Italian painter, prominent in the Futurist movement, co-creator of Pitlura metafisica and subsequently a tradition-based realist of peat power.
He was trained at the Milan Academy where he met Boccioni.
In 1910 he joined him and others in signing the twro manifestos of Futurist painting.
His personal manifesto of 1913 called for paintings delivering ‘the plastic equivalents of sounds, noises and smells’ of urban life. His first Futurist paintings were street scenes involving the spectator in impersonal dramas. In late 1911 he went with Boccioni and Russolo to Paris to confront Cubism. The work he showed in the 1912 Paris exhibition displays its impact of the group, Carra embraced Cubism most wholeheartedly.
His work changed in 1914 when he gave priority to working with collage and incorporating words in the Futurist exclamatory and onomatopoeic way.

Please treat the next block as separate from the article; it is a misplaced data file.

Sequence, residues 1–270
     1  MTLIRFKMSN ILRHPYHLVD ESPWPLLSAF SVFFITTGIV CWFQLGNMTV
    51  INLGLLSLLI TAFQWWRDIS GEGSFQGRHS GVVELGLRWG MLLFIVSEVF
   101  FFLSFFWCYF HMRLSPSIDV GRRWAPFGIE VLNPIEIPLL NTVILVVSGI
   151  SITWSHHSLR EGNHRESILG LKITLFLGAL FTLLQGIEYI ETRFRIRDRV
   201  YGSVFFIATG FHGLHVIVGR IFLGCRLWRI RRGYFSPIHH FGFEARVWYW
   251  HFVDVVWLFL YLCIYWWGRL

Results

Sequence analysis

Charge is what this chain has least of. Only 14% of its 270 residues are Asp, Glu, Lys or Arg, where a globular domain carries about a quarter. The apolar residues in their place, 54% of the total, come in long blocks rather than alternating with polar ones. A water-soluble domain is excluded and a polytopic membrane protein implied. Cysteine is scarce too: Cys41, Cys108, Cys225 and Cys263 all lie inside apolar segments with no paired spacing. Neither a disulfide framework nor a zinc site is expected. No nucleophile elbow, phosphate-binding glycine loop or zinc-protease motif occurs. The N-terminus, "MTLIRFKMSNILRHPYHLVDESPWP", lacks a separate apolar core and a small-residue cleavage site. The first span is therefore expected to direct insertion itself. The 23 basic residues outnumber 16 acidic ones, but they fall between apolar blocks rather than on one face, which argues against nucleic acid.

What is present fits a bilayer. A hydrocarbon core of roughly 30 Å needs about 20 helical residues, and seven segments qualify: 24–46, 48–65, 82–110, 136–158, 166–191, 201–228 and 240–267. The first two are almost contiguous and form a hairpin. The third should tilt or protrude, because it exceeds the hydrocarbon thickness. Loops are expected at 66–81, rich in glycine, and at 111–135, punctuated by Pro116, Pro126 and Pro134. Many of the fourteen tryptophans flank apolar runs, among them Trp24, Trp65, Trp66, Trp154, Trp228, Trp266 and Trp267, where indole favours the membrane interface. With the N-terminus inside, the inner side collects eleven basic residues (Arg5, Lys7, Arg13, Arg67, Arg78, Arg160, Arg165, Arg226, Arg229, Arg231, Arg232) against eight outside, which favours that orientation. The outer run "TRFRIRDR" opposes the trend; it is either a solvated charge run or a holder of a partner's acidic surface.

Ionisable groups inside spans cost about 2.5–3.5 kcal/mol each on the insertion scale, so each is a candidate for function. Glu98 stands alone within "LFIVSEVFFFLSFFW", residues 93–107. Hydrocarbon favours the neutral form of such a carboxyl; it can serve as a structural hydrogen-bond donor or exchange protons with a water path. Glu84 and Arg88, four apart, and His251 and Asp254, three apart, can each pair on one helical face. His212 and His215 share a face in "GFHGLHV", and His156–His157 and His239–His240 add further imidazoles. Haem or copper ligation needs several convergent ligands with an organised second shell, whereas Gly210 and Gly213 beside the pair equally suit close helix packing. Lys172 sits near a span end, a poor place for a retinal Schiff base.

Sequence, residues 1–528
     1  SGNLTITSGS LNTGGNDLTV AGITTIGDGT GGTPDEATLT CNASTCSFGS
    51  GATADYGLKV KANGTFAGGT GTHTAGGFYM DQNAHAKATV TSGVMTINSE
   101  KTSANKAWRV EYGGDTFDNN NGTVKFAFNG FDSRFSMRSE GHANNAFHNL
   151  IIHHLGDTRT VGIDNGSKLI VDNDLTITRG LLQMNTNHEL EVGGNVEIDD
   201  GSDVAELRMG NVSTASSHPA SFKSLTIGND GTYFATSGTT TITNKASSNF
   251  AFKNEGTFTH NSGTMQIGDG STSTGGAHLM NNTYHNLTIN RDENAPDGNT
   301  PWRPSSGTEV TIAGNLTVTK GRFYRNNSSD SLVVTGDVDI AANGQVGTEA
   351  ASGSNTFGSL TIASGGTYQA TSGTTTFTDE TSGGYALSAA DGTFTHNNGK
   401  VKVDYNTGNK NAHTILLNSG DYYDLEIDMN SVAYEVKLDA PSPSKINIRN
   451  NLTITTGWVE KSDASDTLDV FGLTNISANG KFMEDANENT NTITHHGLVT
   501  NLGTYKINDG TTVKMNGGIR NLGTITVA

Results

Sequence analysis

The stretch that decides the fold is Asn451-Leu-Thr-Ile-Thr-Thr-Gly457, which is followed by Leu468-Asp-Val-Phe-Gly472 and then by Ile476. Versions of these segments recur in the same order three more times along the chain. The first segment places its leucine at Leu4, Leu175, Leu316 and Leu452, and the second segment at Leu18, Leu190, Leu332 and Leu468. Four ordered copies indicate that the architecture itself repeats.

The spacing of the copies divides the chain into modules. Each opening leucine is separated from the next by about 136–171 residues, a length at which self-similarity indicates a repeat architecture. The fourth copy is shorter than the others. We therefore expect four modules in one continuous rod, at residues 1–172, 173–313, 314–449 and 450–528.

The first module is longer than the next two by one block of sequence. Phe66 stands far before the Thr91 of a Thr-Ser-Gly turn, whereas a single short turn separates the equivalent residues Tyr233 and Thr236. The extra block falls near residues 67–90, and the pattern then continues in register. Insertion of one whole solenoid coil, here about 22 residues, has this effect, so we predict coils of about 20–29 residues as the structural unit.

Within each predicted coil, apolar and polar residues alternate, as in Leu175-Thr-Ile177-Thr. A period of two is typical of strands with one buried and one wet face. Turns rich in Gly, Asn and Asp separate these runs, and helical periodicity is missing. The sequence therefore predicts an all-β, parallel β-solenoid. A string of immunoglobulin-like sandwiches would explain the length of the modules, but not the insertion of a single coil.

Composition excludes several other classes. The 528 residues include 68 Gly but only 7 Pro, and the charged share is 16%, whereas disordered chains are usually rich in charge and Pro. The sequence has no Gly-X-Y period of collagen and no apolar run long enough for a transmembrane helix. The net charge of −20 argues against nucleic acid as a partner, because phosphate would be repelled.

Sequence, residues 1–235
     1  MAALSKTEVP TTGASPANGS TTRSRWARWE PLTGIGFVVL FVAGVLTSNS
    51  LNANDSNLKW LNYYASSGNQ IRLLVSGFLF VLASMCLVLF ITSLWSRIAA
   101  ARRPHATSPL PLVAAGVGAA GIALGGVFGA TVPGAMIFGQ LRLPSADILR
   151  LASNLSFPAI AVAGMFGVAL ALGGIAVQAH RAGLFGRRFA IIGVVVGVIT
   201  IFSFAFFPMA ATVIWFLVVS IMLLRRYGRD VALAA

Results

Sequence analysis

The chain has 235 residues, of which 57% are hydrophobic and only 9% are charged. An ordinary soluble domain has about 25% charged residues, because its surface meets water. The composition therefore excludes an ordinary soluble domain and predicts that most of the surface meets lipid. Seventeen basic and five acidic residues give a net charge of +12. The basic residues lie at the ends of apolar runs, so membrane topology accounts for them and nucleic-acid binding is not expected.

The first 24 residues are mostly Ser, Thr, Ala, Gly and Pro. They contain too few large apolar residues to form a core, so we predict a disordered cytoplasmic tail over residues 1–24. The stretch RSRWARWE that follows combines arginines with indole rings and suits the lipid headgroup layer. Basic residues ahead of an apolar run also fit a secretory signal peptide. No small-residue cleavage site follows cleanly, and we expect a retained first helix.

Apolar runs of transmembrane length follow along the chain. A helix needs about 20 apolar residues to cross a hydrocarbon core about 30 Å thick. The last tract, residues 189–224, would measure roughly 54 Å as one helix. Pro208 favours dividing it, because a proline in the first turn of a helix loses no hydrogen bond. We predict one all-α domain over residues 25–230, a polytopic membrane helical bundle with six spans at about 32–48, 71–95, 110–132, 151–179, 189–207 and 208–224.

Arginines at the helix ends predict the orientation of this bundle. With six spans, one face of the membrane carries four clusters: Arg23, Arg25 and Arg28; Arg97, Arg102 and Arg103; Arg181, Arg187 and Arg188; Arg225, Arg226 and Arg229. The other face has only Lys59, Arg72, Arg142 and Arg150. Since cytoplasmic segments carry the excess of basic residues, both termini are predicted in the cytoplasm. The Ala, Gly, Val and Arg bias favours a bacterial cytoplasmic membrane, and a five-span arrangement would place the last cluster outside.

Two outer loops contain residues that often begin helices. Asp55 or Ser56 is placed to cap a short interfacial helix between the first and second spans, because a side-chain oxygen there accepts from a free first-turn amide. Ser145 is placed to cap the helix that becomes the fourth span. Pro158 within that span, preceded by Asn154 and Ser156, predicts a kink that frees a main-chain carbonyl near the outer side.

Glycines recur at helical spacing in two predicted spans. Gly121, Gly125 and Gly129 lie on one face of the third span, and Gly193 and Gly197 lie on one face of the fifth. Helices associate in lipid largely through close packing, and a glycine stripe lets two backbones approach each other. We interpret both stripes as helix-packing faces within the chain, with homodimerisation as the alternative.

He eagerly served in the Italian army in 1915-16. In an army hospital in Ferrara he met de Chirico and together they launched Pittura metafisica. His early regard for Giotto, Uccello and other Renaissance masters, never quite forgotten, became patent around 1919. Carra now worked in a national idiom rooted in the early Renaissance and in antiquity, and was recognized as a major Italian artist.
He published a number of books: Futurist texts (1915) and books on his life and his art (1945, 1962) among them. Milan commemorated him with a retrospective in 1967-68.